I see what she is getting at. “Yes, they were spinning around in a circle, so the shooter could have easily been going for Stain.”

“What about the second shot?” Ben asks.

“The second shot went into the wall, almost right behind our heads,” I answer.

“So the only way to be sure is to find out if the bullet was traveling mostly straight or slightly down,” said Stain.

“The police haven’t released any of that info yet,” I respond.

Frank looks at me. “But it is possible that the shooter wasn’t a police officer.”

I nod my head. “It’s not only possible; it’s likely. Stain and I didn’t belong in the bank. We created a diversion to get in. Then Stain ends up holding both weapons. If one of the cops shot in at Stain, he could have just said that he did. Stain and Lily would have looked like the bank robbers at that moment. It would have been a clean shot. Instead they said the shots came from inside the bank, which isn’t even close to being believable. They must have thought it to be true.”

Stain is still enjoying the pillow effect of Frank’s chest, while she giggles and says: “I think we’ve solved it.”

Stain asks me: “how was your date with Emily?”

“There was an awkward moment where I was going to have sex with a cab driver cause I thought Emily stood me up, but instead I offered Emily a threesome after she broke into my house.”

Ben looks at me with a disgusted look on her face. “You had a threesome today?”

“No. They both left,” I say.

Frank smiles a bit and says: “well you could have a threesome today.”

Ben rolls her eyes.

“Frank, I would love that, but I think I’m going to give up sex for a little while.”

Frank shakes her head no. “Oh no, you should never give up sex. Very bad things will happen if you do that. Sex is good for you.”

I shake my head no back at her. “I haven’t had much luck lately. Every time I try, I get interrupted. I haven’t reached the finish line the last several times I’ve tried.”

Ben starts poking my chest. “If Frank wants the three of us to fuck, then the three of us are going to fuck. Don’t act like you don’t want it.”

I smile at Ben and Frank. “Believe me, I want it. I just want to do it in a private place with someone I have feelings for.”

Ben gets angry, lifts up her shirt and bra and starts yelling: “some one? We helped you solve your bank robbery shooting. Now, you owe us. I don’t care if you have to fall in love with the two of us, but you’re going to shoot your cum all over us whether you like it or not.”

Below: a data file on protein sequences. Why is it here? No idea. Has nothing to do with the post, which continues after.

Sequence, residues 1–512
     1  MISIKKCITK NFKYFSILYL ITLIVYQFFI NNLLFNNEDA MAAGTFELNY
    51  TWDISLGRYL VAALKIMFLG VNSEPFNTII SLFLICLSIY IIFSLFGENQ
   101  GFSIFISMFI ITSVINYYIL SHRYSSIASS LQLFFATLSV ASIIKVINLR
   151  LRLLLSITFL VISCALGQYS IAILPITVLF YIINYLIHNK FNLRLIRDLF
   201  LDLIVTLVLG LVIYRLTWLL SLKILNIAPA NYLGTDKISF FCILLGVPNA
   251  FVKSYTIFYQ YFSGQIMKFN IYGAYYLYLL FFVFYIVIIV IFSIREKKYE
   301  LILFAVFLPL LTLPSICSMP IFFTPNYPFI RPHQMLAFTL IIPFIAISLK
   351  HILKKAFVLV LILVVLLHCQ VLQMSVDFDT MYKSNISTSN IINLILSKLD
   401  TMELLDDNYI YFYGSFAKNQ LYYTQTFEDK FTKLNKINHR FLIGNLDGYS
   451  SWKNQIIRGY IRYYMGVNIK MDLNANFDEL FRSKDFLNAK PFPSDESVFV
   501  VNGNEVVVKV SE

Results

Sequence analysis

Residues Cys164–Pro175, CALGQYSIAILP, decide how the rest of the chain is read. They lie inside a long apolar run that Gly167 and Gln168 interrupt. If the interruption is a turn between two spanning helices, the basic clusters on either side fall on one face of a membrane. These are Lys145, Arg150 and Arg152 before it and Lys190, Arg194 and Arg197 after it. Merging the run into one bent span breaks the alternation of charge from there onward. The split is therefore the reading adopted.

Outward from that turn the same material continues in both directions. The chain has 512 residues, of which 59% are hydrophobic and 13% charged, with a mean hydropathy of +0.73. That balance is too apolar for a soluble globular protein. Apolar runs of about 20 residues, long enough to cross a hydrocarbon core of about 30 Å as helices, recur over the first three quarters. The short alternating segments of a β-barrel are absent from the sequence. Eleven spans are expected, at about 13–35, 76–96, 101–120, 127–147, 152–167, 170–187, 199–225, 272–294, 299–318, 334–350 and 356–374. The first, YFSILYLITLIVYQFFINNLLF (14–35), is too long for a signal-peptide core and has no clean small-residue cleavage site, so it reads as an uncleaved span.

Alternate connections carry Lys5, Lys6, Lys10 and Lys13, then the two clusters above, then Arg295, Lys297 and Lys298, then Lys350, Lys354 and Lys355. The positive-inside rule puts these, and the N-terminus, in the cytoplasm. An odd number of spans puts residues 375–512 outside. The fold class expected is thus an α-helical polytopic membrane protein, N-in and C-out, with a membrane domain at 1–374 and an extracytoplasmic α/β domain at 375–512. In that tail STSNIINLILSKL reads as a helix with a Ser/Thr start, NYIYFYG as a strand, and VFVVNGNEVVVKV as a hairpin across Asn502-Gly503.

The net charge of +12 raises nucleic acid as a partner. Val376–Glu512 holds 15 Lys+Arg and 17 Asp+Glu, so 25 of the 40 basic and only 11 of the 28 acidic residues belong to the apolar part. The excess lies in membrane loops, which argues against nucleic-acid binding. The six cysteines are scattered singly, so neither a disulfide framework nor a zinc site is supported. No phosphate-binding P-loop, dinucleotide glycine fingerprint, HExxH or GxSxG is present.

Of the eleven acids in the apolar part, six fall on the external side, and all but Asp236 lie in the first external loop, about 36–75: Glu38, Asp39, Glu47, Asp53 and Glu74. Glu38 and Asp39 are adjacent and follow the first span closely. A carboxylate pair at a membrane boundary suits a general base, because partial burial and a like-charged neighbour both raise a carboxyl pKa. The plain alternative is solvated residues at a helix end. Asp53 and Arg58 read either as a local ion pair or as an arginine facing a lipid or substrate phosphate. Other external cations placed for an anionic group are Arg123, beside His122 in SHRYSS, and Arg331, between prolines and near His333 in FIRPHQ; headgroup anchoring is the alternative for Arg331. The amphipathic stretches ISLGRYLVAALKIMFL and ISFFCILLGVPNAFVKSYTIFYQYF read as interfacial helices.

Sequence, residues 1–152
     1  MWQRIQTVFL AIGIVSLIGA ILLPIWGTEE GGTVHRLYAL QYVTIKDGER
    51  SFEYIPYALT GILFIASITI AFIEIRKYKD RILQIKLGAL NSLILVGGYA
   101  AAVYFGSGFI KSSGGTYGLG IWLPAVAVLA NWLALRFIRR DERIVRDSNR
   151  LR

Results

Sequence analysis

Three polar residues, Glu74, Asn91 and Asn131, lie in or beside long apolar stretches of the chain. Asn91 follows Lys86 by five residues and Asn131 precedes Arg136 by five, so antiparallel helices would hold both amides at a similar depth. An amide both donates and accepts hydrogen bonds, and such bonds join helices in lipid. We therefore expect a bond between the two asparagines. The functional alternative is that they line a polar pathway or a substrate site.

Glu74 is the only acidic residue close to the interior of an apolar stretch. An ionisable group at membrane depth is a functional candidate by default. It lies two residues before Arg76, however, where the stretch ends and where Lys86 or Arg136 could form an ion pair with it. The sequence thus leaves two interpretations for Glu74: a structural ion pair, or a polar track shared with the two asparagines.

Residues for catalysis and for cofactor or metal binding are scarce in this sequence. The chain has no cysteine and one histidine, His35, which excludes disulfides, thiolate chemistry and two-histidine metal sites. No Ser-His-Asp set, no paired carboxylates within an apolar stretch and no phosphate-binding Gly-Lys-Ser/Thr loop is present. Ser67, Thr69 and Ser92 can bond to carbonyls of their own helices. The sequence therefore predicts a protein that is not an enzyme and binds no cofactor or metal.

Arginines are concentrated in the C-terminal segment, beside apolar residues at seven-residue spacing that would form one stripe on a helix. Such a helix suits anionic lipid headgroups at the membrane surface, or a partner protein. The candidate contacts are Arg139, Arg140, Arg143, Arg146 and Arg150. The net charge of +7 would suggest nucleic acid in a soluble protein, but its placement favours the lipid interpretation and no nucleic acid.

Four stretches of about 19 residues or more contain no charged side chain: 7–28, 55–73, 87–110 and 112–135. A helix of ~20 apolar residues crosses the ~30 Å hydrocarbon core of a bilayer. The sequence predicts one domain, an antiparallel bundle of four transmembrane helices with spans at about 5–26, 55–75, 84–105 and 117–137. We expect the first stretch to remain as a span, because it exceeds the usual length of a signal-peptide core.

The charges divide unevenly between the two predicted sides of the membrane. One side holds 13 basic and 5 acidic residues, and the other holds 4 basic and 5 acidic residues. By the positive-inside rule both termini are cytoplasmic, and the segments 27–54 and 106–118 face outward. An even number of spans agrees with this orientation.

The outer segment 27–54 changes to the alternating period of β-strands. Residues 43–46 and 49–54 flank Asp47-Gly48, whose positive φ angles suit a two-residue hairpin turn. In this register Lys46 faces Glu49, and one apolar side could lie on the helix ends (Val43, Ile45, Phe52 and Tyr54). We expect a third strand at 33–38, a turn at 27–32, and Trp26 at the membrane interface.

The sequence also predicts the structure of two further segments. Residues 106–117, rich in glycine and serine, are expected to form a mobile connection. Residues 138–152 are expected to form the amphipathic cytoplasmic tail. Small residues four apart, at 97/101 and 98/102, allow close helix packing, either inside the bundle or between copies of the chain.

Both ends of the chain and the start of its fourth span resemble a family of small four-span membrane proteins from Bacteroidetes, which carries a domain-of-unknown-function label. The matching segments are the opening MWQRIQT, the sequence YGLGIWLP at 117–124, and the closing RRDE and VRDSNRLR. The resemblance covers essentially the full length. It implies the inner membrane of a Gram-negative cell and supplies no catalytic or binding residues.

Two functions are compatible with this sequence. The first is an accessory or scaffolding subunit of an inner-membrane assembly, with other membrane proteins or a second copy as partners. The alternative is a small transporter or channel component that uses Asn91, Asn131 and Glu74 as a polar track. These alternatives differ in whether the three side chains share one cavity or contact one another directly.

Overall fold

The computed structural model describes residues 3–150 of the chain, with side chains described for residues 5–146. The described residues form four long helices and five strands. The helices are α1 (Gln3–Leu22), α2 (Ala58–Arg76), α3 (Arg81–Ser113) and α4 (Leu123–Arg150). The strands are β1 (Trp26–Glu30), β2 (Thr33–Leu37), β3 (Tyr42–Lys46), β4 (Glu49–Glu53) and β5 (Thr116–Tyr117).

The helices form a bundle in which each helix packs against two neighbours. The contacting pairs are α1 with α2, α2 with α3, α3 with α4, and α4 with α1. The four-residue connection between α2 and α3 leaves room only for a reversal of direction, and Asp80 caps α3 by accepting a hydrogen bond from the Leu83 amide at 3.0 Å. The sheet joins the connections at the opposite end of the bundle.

Ben grabs me below the belt and says: “that’s mine now” then walks away.

Frank gives Stain one last hug and says: “it was nice seeing you gentlemen again. This was fun. Sappho, I hope you can fall in love with us. I think I could fall in love with you.”

Frank kisses me on the cheek then on the lips. We kiss again, and it feels right, as though we’ve been lovers for a long time. I hold her hips while we kiss again and again. She holds the top of her shirt open so I can look down, smiles at me and says: “I’ll see you soon.”

Frank runs off while saying: “thanks for the adventure boys.”

September 13

Money Doesn’t Matter – Chapter 24


Stain looks at me with a curious look, the look a baby makes when he’s trying to push out a poop. He adds a little brow furl on top of that and says in a Ringo Starr with cotton balls in his mouth sort of way: “gee Sappho, what do you want to do tonight?”

“Same thing we do every night Stain, try to fight for a better world.”

Stain lets out a little laugh and retorts: “I don’t think that’s the line.”

“Indeed, but we’re men, not mice.”

Stain looks concerned for a moment, like he’s had an “aha” moment of clarity.

“What are we going to do for money?” Stain asks.

“Since when do you care about money?”

“I don’t, as long as I have a place to crash and food to eat, but how are we going to do the superhero gig full time if we have jobs, and if we don’t have jobs, how are we going to eat?”

“I got the money thing covered.”

Stain pauses a moment and looks at me, but I give him a little nod. The cool thing about Stain is that he really doesn’t care about money. I can tell that he’s accepted my answer, and if my answer means that he has to sleep on a parquet floor in a bachelor apartment without a blanket or pillow, he’s cool to do that, as long as he’s getting fed.

“I don’t mind getting a part time job, to help cover bills and that,” Stain offers.

“No, no jobs. The money is covered 100%. Food, shelter, and gear are all covered. From now on, this is our job. We fight for good.”